African violets (Streptocarpus ionanthus), originally native to the Eastern Arc Mountains of Africa and adjacent submontane or montane forests in Kenya and Tanzania, are commonly grown as ornamental plants and have been extensively studied by horticulturists. However, there is a lack of laboratory data regarding their ecophysiology. Given the growing interest in conserving African violets in their threatened natural habitats, it would be beneficial to establish baseline data on their physiological ecology, helping to document their response to changing environmental conditions in their natural environment. To address this need, we conducted an analysis of the net photosynthesis rate, respiration rate, and leaf fluorescence of mini and standard strains of African violet plants within a controlled laboratory setting. Additionally, we examined variations in the photosynthesis rate, respiration rate, and leaf fluorescence data for leaves of different ages (phenology) in the standard strain. The results showed that the mean net photosynthesis rate in the older whorl of leaves was approximately 50% of the rate observed in the younger leaves. Furthermore, the mature leaf respiration rate accounted for about 25 to 30% of the net photosynthesis. This particular metric, the ratio of respiration to net photosynthesis, is significant in estimating the carbon balance of the plants. It helps us understand how much carbon (C) is gained through photosynthesis compared to the amount of carbon lost through respiration.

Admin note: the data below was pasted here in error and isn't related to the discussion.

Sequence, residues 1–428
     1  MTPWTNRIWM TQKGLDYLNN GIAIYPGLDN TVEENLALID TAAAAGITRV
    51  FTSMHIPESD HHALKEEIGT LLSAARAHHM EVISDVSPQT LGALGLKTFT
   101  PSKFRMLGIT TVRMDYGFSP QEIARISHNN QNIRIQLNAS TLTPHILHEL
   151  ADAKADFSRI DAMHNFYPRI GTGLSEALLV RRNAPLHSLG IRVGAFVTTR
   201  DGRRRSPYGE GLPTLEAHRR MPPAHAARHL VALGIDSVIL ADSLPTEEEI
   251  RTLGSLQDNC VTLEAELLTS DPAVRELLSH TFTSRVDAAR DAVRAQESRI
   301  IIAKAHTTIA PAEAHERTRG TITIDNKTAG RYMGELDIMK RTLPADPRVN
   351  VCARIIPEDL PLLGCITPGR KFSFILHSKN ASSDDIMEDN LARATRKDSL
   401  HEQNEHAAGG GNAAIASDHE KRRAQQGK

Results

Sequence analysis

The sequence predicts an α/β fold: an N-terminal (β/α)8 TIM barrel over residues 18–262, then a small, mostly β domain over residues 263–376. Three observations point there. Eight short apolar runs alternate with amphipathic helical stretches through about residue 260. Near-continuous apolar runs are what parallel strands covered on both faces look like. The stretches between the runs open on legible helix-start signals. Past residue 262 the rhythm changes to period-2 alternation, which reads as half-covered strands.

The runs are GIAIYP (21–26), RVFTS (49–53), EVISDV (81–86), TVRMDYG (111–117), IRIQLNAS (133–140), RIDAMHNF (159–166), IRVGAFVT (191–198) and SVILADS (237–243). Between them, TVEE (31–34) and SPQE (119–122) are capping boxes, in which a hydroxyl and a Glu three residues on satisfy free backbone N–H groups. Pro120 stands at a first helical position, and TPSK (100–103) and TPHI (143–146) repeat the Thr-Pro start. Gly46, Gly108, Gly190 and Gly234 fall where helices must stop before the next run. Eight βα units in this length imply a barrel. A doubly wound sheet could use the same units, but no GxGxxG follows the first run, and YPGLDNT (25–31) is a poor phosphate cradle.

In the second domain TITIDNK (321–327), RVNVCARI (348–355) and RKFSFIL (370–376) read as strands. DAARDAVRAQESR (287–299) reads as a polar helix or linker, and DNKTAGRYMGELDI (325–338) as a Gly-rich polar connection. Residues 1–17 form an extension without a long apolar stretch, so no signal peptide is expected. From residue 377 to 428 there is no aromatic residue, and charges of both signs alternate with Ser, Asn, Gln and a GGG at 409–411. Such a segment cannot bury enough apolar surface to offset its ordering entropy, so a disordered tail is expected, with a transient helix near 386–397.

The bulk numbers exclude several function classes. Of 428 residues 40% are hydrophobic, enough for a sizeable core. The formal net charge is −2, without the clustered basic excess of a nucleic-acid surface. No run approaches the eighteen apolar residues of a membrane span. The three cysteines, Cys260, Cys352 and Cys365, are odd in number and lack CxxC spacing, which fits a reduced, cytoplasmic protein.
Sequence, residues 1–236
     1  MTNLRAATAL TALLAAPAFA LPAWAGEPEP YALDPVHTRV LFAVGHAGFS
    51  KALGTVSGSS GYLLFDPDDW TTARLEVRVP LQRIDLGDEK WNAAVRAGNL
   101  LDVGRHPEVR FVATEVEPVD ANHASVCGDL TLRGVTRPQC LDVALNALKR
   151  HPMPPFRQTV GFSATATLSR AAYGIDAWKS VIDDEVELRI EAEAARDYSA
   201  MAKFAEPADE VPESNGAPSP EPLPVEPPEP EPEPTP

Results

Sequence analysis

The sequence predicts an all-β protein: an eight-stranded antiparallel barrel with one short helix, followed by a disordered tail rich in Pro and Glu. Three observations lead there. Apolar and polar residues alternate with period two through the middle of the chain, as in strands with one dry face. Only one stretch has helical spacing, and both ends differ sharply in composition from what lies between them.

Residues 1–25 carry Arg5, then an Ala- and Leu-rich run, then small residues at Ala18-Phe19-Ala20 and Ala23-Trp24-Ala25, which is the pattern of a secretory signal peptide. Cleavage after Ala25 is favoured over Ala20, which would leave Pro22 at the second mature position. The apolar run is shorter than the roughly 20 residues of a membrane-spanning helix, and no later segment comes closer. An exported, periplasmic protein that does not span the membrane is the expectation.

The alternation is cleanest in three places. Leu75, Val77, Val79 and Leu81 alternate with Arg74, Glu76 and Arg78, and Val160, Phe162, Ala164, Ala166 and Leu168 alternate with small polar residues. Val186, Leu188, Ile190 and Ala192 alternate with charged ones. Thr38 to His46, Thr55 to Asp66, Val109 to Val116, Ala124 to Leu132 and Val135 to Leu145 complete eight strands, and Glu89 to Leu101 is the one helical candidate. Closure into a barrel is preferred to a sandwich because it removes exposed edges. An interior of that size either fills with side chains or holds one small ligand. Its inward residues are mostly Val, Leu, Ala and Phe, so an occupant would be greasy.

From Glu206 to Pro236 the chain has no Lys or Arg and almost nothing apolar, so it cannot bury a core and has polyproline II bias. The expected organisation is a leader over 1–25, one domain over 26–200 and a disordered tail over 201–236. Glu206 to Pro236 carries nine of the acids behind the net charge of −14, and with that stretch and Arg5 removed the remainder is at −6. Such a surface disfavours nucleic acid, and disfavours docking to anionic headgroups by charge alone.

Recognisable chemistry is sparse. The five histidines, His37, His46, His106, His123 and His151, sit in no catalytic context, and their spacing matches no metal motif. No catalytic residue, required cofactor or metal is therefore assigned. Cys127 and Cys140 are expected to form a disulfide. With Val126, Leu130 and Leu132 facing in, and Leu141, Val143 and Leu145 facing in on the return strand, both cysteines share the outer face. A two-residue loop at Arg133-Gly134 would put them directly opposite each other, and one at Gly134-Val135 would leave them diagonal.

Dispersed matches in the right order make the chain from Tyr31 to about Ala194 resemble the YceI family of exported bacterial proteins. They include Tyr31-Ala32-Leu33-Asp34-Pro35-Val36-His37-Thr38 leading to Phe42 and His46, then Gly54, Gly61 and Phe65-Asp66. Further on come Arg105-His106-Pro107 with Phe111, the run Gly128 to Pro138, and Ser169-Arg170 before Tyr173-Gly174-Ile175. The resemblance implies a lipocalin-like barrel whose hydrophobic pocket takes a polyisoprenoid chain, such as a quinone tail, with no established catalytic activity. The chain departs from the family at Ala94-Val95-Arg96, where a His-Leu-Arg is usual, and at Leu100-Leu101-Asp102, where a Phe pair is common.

Key words: Environmental carbon balance, leaf relative chlorophyll content analysis, leaf chlorophyll fluorescence analysis, photosynthesis rate, respiration rate, specific leaf area.
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